No one enjoys shelling out money for heating bills in the winter or air conditioning in the summer, which is why smart thermostats, which claim to keep those energy bills down, continue to be one of the hottest household items around. But are they worth it?
According to a recent Coldwell Banker survey, 77% of home buyers crave one of these smart devices, even more than they covet smart locks or smart security cameras.
Buzz factor aside, though, a smart thermostat can cost upward of $300, including installation, so it’s worth taking a hard look at this pricey purchase to see how much you’ll really save.
How smart thermostats work
Smart thermostats enable homeowners to adjust the temperature in their house in a variety of ways that don’t entail fiddling with the thermostat. For one, you can adjust the temperature remotely with a smartphone app or other device—useful if you forgot to turn the heat off before a trip, or want to warm up your place before you return.
“Higher-end models may also contain smart tracking that can sense whether there are people in the house or if the air is getting warm and adjust the temperature accordingly,” says Josh McCormick, vice president of operations for Mr. Electric, an electrician network. “Other models have learning features that let it auto-program itself based on your habits.”
“Mostly, a smart thermostat is about maximizing convenience and comfort while minimizing your energy costs,” says Eric Blank, editor of The Smart Cave, a smart home product review site. “You could probably save nearly as much with a much cheaper thermostat, but it would require constant monitoring and adjustments. And, it might require sacrificing some comfort.”
Plus, a smart home thermometer is good for the environment. If everyone in the U.S. switched to an Energy Star–certified smart thermostat, 13 billion pounds of annual greenhouse gas emissions would be offset.
How much smart thermostats save in energy costs
There’s no hard and fast answer to this question.
One report found an average cost savings of $100 to $150 per homeowner each year. McCormick has seen annual savings as high as $180. Blank notes that manufacturers often advertise that you can save 15% to 25% on your heating and cooling bills. However, he points out, “they base their claims on someone who always leaves their home set to 72 [degrees Fahrenheit].”
If you already adjust your thermostat fairly regularly—turning down the heat at night when you’re sleeping, and when you’re at work—you may not save that much, Blank cautions.
“However, a smart thermostat will allow you to stop worrying about whether you set the heat back before you left,” he adds.
And peace of mind is priceless, right?
The amount you’ll save will also depend on the following:
- Where you live: “There’s always more savings to be found in extreme climates,” Blank notes.
- How you heat your home: For instance, if you use electric baseboard heat, a smart thermostat might be a huge money saver. “Since those homes are typically controlled in zones, large savings can be attained by leaving unused rooms minimally heated,” says Blank.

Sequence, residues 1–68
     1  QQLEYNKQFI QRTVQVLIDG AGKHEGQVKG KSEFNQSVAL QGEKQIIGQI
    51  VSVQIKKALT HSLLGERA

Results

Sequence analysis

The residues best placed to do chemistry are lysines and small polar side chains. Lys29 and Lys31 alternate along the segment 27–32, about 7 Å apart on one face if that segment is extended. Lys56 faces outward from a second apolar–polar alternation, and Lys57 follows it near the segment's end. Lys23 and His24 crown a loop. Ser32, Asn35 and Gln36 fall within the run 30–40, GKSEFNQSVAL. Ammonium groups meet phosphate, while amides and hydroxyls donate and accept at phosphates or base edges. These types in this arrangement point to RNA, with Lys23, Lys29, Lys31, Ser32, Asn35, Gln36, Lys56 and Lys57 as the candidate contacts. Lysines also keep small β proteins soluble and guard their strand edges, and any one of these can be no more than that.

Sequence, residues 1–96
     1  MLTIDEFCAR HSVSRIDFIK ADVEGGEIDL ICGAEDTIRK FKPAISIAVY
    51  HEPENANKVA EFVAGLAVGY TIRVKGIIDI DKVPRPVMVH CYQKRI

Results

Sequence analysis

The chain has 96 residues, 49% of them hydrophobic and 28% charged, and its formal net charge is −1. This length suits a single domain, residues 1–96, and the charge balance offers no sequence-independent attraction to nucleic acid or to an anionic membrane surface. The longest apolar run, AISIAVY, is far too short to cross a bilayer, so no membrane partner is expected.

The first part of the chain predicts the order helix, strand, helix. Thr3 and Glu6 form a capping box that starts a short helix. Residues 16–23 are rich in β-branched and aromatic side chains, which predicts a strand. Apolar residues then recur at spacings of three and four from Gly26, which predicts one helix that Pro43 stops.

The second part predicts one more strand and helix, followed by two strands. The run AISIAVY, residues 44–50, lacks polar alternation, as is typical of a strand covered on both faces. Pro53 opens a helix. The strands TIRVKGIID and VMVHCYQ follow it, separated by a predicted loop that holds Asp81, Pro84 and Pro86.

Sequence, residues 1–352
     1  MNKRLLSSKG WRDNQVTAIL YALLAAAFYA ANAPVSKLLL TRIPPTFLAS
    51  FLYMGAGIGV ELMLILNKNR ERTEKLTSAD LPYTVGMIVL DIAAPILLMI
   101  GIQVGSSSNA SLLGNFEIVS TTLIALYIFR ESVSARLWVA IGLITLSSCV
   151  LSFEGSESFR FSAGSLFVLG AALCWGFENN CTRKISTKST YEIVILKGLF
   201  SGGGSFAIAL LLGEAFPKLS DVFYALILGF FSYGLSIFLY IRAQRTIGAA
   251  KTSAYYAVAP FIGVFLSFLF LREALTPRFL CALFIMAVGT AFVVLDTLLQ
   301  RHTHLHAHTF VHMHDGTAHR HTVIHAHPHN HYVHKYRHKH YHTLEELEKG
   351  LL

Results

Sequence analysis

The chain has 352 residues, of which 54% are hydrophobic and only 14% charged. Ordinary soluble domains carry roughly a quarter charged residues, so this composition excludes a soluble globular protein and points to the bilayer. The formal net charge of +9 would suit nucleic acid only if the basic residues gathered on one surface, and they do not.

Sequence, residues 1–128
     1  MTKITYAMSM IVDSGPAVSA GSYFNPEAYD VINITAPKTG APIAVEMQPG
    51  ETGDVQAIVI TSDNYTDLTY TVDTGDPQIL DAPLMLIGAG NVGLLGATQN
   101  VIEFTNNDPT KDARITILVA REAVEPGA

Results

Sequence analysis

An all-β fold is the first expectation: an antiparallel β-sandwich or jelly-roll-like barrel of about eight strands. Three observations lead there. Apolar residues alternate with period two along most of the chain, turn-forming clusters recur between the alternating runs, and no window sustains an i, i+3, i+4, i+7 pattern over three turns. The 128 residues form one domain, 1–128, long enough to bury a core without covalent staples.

- What type of thermostat you currently use: “The oldest and cheapest analog versions use mercury, and the temperature readings are far from exact,” notes McCormick. Upgrade to a smart thermostat and you’ll notice a big difference.
Other info about smart thermostats
Saving the environment should be reason enough to get one of these thermostats, but keep these details in mind:
Setting up a smart thermostat can be a pain—or pricey. “Most manufacturers provide great installation instructions,” says Blank, “but initial setup can still be intimidating if you’re not a very handy person.”
Hiring someone to install it for you can cost $300 to $550, but McCormick points out that many energy companies offer deals.
Glitches will cost you time or money, or both. As with any smart product, glitches happen. In winter 2016, a software bug in Nest thermostats left many homeowners literally in the cold. Once it could be fixed, customers needed to go through a tedious nine-step process to reboot their device.
With smart thermostats, “there’s always the potential for a more complicated problem to arise,” Blank says. “If you end up having an expensive service call, any savings from using the smart thermostat could be spent in a hurry.”
They are a plus for home sellers. If you’re preparing to move and wondering if adding a smart thermostat will add to your home’s value, the answer is yes, says Paul Saperstein, a broker for eXp Realty in South Florida— but perhaps don’t stop there.
“Buyers are more excited about smart home thermostats when they see them as part of an overall smart home system, including smart lighting, window coverings, and entries,” Saperstein says. “Adding one or two additional smart devices maximizes the impact for buyers and the overall return on investment.”
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